The most common and well-documented street view of urban Vietnam is that of a crowded crossroad with tons of motorbikes. The overwhelming number of motorbikes in the country can be both a source of annoyance and excitement. The motorbike has been a staple of Vietnam as well as that of other Asian developing countries, such as Thailand or Indonesia. Have you ever wondered how many motorbikes there really are in Vietnam, or how they intertwine with her economic development?
The most recent number I could find was 18.6 million motorbikes in 2006. The population back then was about 84.1 million; this translates to one motorbike for every 4.5 people. Almost every family owned a motorbike back then. From 1995 to 2006, the average growth rate of registered motorbikes was 16.4%. Increase in sales of motorbikes also had a direct relationship with GDP growth. Based on the data from 2000 to 2006, every 1% growth in GDP meant another 1.94 million motorbikes added to the streets. This relationship is quite worrisome considering the fast growth rate of Vietnam and the underdeveloped transport infrastructure. The overwhelming number of motorbikes adds to traffic problems. Yet, its ubiquity is almost a coping mechanism to the relative lack of public transportation and highways more suitable for cars.
In the transition from an underdeveloped to a fast-developing country, the motorbike certainly has added its value to economic development. It is a fast and convenient way to get to places in the city. In addition, the widespread adoption of the motorbike, especially after a few budget models such as the Honda Wave Alpha were introduced, allows travel and commute over longer distances for the mass public. This added to the expansion of cities, eased transportation of goods, and provided transport connection from the rural and suburban areas to the city centers. Compared to the automobile, motorbikes are a lot easier and cleaner to operate. Unlike cars, most motorbikes in Vietnam nowadays are produced inside the country. The localization rate of components is very high, from 60% to 90%. This is a large economic boost to the local supporting industries and the human resource market.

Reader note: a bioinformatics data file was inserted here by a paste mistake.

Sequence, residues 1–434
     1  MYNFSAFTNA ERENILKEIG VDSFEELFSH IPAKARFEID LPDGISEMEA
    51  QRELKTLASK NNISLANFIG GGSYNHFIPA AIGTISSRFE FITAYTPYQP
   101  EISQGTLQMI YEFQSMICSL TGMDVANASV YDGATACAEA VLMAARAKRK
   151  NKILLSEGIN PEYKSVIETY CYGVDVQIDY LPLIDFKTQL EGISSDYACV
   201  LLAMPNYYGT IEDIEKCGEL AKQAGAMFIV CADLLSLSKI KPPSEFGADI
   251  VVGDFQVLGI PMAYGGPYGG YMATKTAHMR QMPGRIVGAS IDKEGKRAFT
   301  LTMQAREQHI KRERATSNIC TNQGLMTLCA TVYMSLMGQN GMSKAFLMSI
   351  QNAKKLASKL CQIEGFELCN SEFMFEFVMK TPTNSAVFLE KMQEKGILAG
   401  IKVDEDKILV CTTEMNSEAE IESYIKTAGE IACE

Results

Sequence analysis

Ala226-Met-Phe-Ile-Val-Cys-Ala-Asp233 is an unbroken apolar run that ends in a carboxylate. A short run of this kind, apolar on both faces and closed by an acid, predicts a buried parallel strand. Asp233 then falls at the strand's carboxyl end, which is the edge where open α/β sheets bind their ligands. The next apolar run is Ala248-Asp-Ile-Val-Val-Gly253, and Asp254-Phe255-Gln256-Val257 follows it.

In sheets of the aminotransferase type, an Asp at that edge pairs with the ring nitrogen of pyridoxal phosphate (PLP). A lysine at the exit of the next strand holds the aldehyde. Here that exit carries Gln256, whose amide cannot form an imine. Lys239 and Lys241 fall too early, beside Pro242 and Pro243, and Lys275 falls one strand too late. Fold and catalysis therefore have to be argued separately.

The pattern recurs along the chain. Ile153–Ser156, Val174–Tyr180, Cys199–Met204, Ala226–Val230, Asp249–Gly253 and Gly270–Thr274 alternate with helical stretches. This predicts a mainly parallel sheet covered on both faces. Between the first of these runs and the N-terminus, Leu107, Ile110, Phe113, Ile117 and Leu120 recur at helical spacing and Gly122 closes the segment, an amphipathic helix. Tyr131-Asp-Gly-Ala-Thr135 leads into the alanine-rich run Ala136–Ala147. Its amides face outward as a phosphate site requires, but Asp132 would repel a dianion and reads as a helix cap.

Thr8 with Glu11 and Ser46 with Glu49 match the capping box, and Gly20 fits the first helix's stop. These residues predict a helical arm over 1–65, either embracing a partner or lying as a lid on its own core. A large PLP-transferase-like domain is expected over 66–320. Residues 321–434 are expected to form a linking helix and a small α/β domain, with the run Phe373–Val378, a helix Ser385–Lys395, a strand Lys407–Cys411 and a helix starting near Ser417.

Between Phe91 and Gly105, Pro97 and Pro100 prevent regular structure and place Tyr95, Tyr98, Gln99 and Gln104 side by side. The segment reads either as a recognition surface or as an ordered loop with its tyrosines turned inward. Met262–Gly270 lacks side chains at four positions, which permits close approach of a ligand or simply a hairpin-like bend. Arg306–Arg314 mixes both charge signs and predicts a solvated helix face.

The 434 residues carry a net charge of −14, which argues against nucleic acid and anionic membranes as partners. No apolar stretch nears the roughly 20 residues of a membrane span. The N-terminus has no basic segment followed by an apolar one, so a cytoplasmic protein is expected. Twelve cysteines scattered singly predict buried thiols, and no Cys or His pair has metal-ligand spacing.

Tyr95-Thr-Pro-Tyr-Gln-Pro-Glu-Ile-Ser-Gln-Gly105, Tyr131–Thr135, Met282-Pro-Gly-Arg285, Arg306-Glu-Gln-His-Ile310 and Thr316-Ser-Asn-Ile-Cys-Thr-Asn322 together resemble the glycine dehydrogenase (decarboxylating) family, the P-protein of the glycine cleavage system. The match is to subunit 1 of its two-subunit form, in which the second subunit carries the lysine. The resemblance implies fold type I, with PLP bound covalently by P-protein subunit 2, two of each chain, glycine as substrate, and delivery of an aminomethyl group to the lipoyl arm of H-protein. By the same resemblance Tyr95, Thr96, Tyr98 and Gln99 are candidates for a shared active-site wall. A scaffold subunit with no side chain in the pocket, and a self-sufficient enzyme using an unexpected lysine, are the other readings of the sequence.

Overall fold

The common use of the motorbike also created a street culture and support for different business activities. Many street side restaurants and food stands open mainly to cater to motorbikers. The incessant waves of motorbike traffic give rise to multiple forms of street advertisement and promotion, from handing out leaflets at stop signs to holding loud raffles at store fronts.
As the motorbike is so important in everyday life, it is no surprise that it has gained appropriate cultural standing. A few classic motorbikes such as the Vespa or the Honda ’67 have devoted followers, hobby clubs, and dedicated exhibitions. Multiple books, movies, and popular songs employ the motorbike as the main theme. In Vietnam, the motorbike has become so entrenched in everyday life that it is hard to imagine life and business otherwise.
Do you think motorbikes should be encouraged or limited in developing countries such as Vietnam? How do you see the transport mix 10 years from now?
Source: Vietnam Ministry of Industry – Institute for Industry Policy and Strategy.